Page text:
House Passes Net Neutrality Bill, McConnell Promises It Won't Survive Senate

from the ill-communication dept

Yesterday the House voted 232-190 to approve the Save The Internet Act, three-page legislation that would fully restore not just the FCC's 2015 net neutrality rules, but its authority to police the telecom sector. As we've long noted, the Ajit Pai FCC's repeal involved effectively neutering the FCC at the telecom sector's behest, then shoveling any remaining oversight authority to the FTC, which lacks both the authority and attention span to effectively police telecom giants. The idea that telecom oversight would be lost in the cracks was, of course, the entire point of the telecom lobbying gambit.

The bill now heads to the Senate, where Mitch McConnell has already stated it will be "dead on arrival." The bill also needs to somehow avoid a Trump veto, which the White House all but guaranteed with a statement this week saying Trump would be advised to veto the measure. Why? The administration proclaimed it was because killing net neutrality had resulted in incredible benefits to American consumers:

"Since the new rule was adopted in 2018, consumers have benefited from a greater than 35 percent increase in average, fixed broadband download speeds, and the United States rose to sixth, from thirteenth, in the world for those speeds. In 2018, fiber was also made available to more new homes than in any previous year, and capital investment by the Nation’s top six Internet service providers increased by $2.3 billion."

As I noted over at The Verge some of those statistics are a bit shaky, and there's zero evidence any of them had anything to do with killing net neutrality. The 35% bump in broadband speeds, for example, is pretty well in line with past growth, and is courtesy of a lot of things, ranging from relatively inexpensive Cable DOCSIS 3.1 upgrades, to the rise of community broadband efforts (which the Trump FCC opposes). And the "record fiber" growth that the White House credits to "light touch regulatory" policies was courtesy of fiber build out merger conditions affixed on the AT&T DirecTV merger by the previous FCC.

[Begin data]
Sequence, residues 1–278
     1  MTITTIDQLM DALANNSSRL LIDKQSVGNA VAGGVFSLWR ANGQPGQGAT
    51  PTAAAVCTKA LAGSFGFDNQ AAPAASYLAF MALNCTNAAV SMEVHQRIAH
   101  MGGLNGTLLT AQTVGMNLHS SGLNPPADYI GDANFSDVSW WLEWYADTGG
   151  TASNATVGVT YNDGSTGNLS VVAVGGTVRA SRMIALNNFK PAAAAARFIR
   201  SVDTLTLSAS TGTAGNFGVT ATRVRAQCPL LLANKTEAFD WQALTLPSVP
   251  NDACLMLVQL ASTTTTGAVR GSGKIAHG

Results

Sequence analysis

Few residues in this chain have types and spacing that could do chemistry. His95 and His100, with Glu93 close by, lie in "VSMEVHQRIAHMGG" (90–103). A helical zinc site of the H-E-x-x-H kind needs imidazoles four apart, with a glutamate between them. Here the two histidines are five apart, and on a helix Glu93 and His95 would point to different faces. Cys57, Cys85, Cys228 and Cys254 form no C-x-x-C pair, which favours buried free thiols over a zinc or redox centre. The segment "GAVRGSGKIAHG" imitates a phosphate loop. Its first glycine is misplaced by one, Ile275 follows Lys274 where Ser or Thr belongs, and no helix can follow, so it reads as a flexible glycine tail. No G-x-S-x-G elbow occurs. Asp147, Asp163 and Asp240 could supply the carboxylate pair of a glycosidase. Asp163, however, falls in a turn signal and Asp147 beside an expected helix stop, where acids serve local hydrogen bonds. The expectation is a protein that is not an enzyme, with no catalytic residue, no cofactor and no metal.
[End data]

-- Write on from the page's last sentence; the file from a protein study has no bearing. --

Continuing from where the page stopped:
There's some hope among activists that the bill passes the Senate, then avoids a Trump veto by appealing to his "populist" streak (whatever that means any more), given that the rules have overwhelming, bipartisan support. That's always seemed like a long shot given Trump's blind fealty to these companies so far. Still, even if the vote fails, the loss will provide a voter scorecard ahead of the 2020 elections, making it abundantly clear which politicians actively respect the will of the public and the need for level internet playing fields, and which prioritize the revenues of giant natural telecom monopolies.

The best chance to reverse the repeal has always been with the courts. Especially given the numerous, often utterly bizarre procedural missteps the FCC made during the repeal. If the lawsuit filed against the FCC by 23 state AGs, consumer groups, and a handful of smaller companies like Mozilla is victorious (a ruling could pop up within months), it could immediately restore the 2015 rules and the FCC's full authority over ISPs.

Filed Under: donald trump, fcc, house, mitch mcconnell, net neutrality, senate, veto


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  1. identicon
    Drunk Uncle Sam, 12 Apr 2019 @ 7:57am

    Re: Re:

    After all the coal miners have either died of black lung, starvation, or other such malady, who will be left to give the turtle a vote?


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